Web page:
POLITICO expounded on the incandescent light bulb ban, saying the Department of Energy (DOE) "will fully enforce regulations that the old bulbs can't meet, effectively prohibiting their retail sale." The department stressed its intention to "seek the maximum civil penalty" against manufacturers that "knowingly distribute products" flouting these regulations.
"The quiet phaseout of household incandescents showcases the power of government regulations to push changes in the marketplace. But the process can take many years. Washington's political and culture war over light bulbs stretches back to the [second] Bush administration, when Congress set the more stringent regulations into motion." (Related: Australia bans incandescent light bulbs with three-year phase-out.)
POLITICO pointed out that the larger fight over energy efficiency standards still looms ahead, with Republican lawmakers denouncing the Biden administration's efficiency actions on a plethora of appliances. Congressional GOP members are pushing back against the DOE's new standards for cooking appliances such as gas stoves, electric stoves and ovens.
"Advocates say the rule would save consumers money on natural gas and lessen a source of greenhouse gas pollution. [However], critics point to DOE estimates that only about half of gas stoves now in the market could meet the proposed standards – something they contend amounts to a de-facto ban."
Rep. Pat Fallon (R-TX) said in a statement to POLITICO: "The light bulb rule going into effect this summer is just another example of the Biden administration’s tidal wave of regulatory burdens crashing down on American families."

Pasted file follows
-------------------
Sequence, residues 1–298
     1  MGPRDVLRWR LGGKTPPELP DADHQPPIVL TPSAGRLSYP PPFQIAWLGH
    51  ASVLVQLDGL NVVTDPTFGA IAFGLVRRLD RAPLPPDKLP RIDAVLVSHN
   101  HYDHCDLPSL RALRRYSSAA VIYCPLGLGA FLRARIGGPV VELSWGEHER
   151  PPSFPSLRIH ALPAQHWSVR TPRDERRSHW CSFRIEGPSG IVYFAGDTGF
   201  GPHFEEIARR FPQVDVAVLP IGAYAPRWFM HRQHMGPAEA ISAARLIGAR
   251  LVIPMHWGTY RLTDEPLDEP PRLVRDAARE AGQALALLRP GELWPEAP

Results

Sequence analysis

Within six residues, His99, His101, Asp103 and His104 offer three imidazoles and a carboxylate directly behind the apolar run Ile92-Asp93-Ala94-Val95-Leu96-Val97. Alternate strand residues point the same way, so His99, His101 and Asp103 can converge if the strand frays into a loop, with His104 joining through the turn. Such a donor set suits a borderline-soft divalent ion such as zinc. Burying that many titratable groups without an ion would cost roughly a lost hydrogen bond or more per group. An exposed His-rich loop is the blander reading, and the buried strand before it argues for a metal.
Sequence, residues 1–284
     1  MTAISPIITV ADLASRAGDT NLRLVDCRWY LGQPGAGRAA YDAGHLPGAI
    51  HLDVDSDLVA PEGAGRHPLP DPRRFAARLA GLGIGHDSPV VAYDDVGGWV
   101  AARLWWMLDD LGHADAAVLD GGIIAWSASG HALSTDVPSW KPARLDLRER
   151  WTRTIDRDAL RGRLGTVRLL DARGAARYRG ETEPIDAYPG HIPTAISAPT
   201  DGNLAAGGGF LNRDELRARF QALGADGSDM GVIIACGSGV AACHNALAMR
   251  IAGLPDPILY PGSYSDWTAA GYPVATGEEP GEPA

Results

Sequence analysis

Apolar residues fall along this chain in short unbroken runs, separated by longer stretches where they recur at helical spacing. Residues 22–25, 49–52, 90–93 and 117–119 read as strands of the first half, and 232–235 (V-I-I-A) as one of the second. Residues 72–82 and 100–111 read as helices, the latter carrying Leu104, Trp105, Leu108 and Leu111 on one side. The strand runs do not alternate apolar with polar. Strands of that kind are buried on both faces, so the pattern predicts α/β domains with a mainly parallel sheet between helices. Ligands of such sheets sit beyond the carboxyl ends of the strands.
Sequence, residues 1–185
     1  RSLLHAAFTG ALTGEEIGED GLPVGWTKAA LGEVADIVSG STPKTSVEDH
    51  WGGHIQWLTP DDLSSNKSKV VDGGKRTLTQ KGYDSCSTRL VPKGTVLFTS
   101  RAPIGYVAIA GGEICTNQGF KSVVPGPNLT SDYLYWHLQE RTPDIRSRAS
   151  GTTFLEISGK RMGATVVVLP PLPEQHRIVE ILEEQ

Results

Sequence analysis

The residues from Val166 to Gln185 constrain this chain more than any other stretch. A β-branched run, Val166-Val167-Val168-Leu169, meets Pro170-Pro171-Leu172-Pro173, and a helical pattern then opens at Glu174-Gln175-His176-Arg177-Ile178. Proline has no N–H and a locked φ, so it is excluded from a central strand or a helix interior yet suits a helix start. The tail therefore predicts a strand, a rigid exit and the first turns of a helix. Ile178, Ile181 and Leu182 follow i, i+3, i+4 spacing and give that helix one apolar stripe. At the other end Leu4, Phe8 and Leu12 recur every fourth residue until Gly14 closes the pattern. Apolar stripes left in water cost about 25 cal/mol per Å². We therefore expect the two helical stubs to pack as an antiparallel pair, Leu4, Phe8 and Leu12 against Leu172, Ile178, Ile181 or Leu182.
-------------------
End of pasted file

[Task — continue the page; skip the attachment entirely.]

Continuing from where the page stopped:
The congressman – who chairs the House Oversight Committee's energy policy and regulatory affairs subcommittee – said the DOE "is flooding homes" with new energy efficiency standards for appliances, including the "reckless" transition to LED bulbs. According to Fallon, these new standards translate to reduced choices and higher costs for Americans.
Alliance for Market Solutions Executive Director Alex Flint meanwhile said: "Light bulb efficiency standards became a symbol in some [GOP members'] resistance to expansion of the regulatory state."
"It's lights out for the incandescent bulbs that people have known, changed and singed their hands on for 140 years. The modern descendant of Thomas Edison's most famous legacy is set to formally meet its demise in the U.S.," POLITICO wrote. Despite the ban, the DOE's rules offer some exceptions that permit some incandescent bulbs to stay on the shelves.
Chris Menahan of Information Liberation put in his two cents on the ban. He recounted how compact fluorescent light (CFL) bulbs were touted as the alternative to incandescent bulbs.
"CFL bulbs, the alternative at the time, literally induced migraine headaches in otherwise healthy people. When they broke, a hazmat team was needed to clean up the mercury they released."
Menahan also noted that the other half of the country still appears to be using mostly incandescent bulbs, compared to less than half of American homes. Citing data from the Energy Information Administration, he said only 47 percent of U.S. households reported using LED bulbs for most indoor lighting in 2020. This amounted to a 43 percent increase compared to 2015 numbers that reported only four percent of households using LED bulbs.
According to the Information Liberation publisher, the light from incandescent bulbs have a score of 100 on the color rendering index (CRI) – meaning the light from incandescents is identical to sunlight. In contrast, the best LED bulbs only have a CRI score of around 90.
"It's still not clear what incandescent will survive this ban. There are some exemptions for certain specialty bulbs, but I can't find a definitive list anywhere," wrote Menahan. "Nonetheless, as is now the norm, the plebs must be made to suffer to advance the 'liberal world order.'"
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Watch this NewsNation report about the Energy Department's ban on incandescent light bulbs.
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